My wife and I were driving him around our neck of the woods on back roads so he could get a good sense of the villages and enjoy the endless rice fields.  As we made a turn, out from the sawah (rice field) on the right side, a very old man was emerging from his field.  He was ancient, gaunt, dressed in rags and a tattered straw hat.  My friend asked us to stop (we thought to take a photo), but that wasn’t his reason.  He produced a 100k note from his pocket and handed it to the man who reluctantly took it, all the while with a look of great perplexion on his face.

Back in the car our friend went on and on about that “poor old man” who in his opinion probably hadn’t seen a 100k rupiah note in some time.  I finally decided to set things straight, even though I knew it would embarrass our friend. 

“That old man you gave money to is Pak Agung” I explained.  “That is just one of his several rice fields, now amounting to over 5 hectars.  He used to own 8 hectars, but he just sold three of them to the Alila Hotel for a million US…in cash.”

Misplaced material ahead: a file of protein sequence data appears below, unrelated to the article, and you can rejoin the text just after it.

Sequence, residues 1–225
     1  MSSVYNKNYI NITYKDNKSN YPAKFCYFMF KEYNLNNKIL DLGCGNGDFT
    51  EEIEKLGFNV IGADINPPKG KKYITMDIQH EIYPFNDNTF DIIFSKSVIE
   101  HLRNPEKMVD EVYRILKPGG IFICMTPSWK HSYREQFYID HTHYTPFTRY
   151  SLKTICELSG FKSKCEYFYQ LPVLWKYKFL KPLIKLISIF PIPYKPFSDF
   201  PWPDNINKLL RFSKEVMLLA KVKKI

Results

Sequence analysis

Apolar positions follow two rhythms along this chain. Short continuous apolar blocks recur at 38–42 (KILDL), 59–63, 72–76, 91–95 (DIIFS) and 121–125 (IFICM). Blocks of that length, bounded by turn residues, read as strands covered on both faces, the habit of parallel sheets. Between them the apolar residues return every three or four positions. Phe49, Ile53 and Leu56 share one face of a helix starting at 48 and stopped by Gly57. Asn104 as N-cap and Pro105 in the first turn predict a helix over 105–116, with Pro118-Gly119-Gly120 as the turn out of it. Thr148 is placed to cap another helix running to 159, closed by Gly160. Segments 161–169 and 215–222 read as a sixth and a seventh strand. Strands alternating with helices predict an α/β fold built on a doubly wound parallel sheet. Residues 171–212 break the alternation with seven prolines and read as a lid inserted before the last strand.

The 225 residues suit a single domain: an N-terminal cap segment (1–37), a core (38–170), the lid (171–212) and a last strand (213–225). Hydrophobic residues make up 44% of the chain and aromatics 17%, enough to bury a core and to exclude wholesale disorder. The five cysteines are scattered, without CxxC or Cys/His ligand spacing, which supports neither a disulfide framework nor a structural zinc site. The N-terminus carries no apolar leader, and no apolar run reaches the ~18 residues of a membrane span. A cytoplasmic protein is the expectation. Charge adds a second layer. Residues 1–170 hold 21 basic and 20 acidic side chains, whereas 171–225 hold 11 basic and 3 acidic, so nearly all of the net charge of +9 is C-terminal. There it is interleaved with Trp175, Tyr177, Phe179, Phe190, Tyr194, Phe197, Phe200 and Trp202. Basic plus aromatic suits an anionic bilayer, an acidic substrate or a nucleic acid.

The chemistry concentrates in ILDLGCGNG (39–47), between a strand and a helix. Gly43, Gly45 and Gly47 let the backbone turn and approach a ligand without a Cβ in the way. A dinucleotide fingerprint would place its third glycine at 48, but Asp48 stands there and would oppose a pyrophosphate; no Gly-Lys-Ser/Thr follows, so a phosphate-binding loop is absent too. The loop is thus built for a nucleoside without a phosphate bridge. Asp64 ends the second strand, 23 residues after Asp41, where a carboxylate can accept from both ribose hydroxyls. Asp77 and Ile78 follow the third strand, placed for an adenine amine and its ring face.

Ubudian posted on the thread Volunteering in Indonesia on the Indonesia forum

OK, please let me clarify. 

With a licensed Yayasan or NGO, the possibility of it being a scam or corrupt operation is very, very slim, thus in my post I emphasized this as the first priority.  Anyone thinking about volunteering should ask to see the operation’s Yayasan license.  If they fail to produce it, then move on to another organization.